The most important first-order consequence of the Iraq invasion, envisioned by many of those I spoke to is the possibility of a regional conflict between Sunnis and Shiites for theological and political supremacy in the Middle East. This is a war that could be fought by proxies of Saudi Arabia, the Sunni flag-bearer, against Iran—or perhaps by Iran and Saudi Arabia themselves—on battlefields across Iraq, in Lebanon and Syria, and in Saudi Arabia’s largely Shiite Eastern Province, under which most of the kingdom’s oil lies.

That is definitely not the message that the neocons like Bernard Lewis were feeding George Bush and the American people in 2003.

In the article, I was very critical of the imperial hubris that motivated the Sykes-Picot division of the Middle East by the British and French. But I’ve warmed to the argument that the Sykes-Picot arrangement was, in one sense, inadvertently progressive. The makers of the modern Middle East roped together peoples of different ethnicities and faiths (or streams of the same faith) in what were meant to be modern, multicultural, and multi-confessional states. It is an understatement to say that the Middle East isn’t the sort of place where this kind of experiment has been shown to work.

This would be an excellent prescription  everywhere, not just in the Middle East. States, including the West, should respect religious and ethnic boundaries, but I rather doubt that Goldberg has any problem with multiculturalism as a paradigm for the West. Multiculturalism is a consensus attitude of the Jewish community throughout the West.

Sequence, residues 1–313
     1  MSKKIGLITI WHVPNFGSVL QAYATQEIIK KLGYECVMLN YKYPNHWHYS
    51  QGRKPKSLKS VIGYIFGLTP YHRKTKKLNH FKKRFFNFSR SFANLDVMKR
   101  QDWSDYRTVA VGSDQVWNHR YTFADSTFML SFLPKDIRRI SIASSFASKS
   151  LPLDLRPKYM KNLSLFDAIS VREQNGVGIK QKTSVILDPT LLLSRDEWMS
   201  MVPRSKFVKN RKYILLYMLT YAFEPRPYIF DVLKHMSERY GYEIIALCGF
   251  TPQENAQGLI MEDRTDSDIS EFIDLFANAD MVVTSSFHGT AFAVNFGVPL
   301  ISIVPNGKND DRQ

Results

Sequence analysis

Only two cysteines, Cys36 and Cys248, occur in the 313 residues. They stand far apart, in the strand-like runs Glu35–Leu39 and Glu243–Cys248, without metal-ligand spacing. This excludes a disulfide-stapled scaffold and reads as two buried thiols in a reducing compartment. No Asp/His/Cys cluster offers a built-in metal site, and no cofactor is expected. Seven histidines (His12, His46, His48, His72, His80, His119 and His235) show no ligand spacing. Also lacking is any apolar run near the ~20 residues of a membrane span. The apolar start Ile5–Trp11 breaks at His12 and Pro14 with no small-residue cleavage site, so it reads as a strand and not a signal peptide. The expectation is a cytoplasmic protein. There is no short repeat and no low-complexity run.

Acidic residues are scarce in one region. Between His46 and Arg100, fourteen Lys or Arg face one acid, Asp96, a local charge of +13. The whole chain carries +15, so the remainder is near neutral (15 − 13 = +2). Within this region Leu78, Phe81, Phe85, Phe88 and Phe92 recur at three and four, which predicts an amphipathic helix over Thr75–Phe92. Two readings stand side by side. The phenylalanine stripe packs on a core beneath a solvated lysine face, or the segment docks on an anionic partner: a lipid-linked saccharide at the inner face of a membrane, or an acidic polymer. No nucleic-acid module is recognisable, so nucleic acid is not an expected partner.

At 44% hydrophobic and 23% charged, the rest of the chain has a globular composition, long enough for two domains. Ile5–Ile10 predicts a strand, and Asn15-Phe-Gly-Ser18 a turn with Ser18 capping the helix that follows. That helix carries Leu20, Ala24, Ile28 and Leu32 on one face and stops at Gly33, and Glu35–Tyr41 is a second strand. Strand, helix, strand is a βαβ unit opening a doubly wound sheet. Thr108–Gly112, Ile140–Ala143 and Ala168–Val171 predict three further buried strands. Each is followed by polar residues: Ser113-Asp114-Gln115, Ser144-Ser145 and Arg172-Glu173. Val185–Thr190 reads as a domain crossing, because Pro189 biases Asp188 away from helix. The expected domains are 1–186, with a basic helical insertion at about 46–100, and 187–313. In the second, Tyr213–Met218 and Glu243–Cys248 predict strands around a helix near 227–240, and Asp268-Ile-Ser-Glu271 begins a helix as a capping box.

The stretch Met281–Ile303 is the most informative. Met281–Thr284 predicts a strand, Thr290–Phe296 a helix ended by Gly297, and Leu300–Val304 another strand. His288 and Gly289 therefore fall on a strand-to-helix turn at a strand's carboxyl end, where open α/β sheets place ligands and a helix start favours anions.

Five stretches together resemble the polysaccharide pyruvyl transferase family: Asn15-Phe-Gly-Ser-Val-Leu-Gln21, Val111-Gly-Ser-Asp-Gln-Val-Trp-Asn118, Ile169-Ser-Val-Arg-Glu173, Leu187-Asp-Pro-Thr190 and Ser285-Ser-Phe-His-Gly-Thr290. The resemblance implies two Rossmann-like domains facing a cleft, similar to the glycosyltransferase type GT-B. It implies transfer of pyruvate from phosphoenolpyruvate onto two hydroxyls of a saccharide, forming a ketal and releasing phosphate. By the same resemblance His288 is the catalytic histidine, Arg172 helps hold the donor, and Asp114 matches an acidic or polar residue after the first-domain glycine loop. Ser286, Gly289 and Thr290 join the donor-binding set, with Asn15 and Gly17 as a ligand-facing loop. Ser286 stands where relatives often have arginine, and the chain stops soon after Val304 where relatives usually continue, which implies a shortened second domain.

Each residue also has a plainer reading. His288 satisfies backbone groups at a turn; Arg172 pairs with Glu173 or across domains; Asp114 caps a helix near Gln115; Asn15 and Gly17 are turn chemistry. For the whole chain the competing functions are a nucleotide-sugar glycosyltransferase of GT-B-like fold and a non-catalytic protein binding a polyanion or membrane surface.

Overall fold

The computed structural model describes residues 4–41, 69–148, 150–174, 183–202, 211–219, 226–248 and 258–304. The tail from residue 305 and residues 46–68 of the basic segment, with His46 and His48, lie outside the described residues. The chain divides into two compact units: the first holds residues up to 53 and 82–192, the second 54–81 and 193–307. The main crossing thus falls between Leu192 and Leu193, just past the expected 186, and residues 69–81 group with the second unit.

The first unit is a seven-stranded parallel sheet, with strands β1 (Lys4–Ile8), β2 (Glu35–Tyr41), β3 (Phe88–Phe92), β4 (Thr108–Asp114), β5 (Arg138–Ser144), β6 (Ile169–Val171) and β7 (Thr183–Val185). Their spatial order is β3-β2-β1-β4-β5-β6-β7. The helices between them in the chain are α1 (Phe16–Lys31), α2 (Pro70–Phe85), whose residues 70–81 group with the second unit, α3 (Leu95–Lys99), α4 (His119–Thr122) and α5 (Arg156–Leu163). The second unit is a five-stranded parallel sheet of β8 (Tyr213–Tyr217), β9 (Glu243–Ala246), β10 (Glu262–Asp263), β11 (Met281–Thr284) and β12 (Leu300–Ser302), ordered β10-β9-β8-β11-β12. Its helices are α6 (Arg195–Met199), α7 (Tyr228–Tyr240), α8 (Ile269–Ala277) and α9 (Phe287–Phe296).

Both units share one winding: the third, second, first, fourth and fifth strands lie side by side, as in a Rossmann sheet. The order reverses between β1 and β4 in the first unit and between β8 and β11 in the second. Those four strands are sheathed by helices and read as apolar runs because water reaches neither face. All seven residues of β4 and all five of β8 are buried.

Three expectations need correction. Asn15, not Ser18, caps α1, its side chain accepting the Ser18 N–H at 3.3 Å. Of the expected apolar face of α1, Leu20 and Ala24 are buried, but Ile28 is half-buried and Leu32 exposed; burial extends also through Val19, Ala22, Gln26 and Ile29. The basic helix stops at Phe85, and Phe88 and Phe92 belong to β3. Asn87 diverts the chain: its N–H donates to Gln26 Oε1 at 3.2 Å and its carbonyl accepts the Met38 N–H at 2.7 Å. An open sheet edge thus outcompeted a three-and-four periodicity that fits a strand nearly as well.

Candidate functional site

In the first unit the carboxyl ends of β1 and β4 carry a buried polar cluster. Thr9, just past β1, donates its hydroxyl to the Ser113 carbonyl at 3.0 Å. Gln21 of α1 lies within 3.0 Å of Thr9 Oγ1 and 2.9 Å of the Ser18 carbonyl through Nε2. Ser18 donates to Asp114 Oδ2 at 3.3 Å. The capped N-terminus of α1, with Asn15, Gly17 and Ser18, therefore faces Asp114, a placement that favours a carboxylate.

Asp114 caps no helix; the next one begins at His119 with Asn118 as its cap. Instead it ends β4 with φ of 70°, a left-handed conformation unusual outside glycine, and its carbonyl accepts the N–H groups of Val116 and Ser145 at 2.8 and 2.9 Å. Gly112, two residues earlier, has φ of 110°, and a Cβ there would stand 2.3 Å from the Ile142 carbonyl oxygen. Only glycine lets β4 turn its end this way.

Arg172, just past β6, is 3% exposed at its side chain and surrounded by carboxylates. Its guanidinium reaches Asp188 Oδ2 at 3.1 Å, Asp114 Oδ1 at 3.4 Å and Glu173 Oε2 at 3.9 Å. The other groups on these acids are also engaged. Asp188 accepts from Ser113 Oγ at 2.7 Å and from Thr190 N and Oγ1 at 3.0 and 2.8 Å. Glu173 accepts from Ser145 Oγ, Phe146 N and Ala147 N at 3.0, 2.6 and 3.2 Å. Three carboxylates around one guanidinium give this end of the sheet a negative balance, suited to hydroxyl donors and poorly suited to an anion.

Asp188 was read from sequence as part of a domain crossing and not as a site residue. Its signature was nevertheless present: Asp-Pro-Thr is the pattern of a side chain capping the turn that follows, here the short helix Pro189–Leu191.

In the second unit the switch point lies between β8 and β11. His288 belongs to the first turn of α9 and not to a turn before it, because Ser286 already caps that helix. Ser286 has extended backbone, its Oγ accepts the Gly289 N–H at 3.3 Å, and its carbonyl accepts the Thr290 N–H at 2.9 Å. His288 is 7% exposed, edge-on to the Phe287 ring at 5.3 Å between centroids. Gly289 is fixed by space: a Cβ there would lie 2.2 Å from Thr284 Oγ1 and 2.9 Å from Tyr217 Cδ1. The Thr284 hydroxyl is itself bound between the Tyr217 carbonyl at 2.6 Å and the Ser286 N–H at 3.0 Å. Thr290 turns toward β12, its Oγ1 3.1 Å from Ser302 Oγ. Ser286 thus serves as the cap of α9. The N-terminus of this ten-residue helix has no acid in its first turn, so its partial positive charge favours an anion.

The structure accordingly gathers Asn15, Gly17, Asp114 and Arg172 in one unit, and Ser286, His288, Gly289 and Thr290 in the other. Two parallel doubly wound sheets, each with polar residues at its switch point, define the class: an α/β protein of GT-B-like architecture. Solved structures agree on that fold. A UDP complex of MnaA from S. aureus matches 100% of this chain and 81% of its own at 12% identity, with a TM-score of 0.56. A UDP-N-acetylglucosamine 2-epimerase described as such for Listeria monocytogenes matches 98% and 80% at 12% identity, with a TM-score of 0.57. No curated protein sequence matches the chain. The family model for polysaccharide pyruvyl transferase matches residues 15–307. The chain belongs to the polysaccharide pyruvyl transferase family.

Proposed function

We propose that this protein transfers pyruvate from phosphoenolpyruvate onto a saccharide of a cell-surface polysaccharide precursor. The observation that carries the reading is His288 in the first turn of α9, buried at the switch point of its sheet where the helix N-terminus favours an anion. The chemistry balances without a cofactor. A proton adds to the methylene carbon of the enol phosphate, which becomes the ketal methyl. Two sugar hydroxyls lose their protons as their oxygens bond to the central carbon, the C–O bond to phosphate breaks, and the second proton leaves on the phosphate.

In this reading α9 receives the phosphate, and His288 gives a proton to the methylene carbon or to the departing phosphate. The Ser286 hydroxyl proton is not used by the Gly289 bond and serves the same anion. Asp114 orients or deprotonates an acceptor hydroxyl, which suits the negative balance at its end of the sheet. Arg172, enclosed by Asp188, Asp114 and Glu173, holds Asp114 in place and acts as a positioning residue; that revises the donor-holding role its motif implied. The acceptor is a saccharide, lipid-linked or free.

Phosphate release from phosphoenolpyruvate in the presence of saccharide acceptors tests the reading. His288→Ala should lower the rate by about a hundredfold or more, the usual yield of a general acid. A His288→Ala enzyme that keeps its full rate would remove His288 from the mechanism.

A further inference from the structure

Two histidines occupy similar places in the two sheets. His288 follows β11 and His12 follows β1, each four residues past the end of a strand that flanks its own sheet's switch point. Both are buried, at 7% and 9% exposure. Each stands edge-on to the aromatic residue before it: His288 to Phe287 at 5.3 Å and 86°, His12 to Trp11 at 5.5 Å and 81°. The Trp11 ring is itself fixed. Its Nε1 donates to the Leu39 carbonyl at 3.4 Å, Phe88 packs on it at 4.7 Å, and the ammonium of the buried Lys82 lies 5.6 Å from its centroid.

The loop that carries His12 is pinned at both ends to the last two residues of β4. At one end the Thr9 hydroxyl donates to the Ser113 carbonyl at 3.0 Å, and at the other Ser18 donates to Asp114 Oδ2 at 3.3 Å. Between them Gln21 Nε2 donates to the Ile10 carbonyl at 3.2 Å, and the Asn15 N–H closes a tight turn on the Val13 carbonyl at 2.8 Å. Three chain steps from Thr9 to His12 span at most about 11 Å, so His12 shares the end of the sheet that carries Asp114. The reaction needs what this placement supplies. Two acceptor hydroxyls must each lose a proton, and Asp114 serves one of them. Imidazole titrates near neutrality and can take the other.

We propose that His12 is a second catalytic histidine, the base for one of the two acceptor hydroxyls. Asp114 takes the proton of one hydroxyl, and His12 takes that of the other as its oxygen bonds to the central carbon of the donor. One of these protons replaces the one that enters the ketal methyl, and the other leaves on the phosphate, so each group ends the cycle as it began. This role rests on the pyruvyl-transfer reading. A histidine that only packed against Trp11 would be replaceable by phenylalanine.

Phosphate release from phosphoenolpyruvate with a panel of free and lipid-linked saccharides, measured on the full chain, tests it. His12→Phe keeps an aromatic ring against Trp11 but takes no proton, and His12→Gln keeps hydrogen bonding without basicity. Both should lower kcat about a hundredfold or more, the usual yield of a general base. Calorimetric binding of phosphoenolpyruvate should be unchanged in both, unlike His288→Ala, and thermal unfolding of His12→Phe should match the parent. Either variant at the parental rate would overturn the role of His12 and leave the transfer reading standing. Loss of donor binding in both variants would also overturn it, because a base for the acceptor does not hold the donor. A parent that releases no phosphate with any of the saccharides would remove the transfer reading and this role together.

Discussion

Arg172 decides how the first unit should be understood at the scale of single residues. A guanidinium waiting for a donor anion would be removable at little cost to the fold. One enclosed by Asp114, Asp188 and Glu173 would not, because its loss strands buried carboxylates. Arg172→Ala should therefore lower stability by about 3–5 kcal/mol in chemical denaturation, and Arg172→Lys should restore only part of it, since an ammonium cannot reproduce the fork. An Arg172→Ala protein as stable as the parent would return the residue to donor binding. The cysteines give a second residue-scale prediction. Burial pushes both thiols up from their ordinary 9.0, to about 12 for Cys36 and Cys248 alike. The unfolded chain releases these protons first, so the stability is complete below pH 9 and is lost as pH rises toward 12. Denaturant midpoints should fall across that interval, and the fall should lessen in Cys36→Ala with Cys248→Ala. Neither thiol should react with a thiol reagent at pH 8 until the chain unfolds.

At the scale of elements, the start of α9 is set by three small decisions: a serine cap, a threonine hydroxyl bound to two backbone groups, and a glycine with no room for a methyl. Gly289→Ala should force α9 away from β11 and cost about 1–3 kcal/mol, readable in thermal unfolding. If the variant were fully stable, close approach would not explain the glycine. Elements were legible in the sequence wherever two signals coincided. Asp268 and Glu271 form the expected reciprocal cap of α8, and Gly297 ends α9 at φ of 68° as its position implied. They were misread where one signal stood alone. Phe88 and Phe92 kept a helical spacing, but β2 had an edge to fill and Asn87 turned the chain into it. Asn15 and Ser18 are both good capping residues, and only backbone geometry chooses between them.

The idea that Israel would benefit from the breakup of states in the Middle East has a long history. In the early 1980s Oded Yinon, an Israeli journalist, wrote
A Strategy for Israel in the Nineteen Eighties,” later translated by Israel Shahak. Shahak notes in his Foreword, written in 1982:

The following essay represents, in my opinion, the accurate and detailed plan of the present Zionist regime (of Sharon and Eitan) for the Middle East which is based on the division of the whole area into small states, and the dissolution of all the existing Arab states. … Here I want to draw the attention of the readers to several important points:

1. The idea that all the Arab states should be broken down, by Israel, into small units, occurs again and again in Israeli strategic thinking. For example, Ze’ev Schiff, the military correspondent of Ha’aretz (and probably the most knowledgeable in Israel, on this topic) writes about the “best” that can happen for Israeli interests in Iraq: “The dissolution of Iraq into a Shi’ite state, a Sunni state and the separation of the Kurdish part” (Ha’aretz 6/2/1982). Actually, this aspect of the plan is very old.

2. The strong connection with Neo-Conservative thought in the USA is very prominent, especially in the author’s notes. But, while lip service is paid to the idea of the “defense of the West” from Soviet power, the real aim of the author, and of the present Israeli establishment is clear: To make an Imperial
Israel into a world power. In other words, the aim of Sharon is to deceive the Americans after he has deceived all the rest.

Again, this was written in 1982. And Sharon, as Prime Minister in 2003, was indeed deeply involved in the deceptions that brought about the war.

The Israelis and American neocons are doubtless quite happy with the results. The rest of America should be outraged.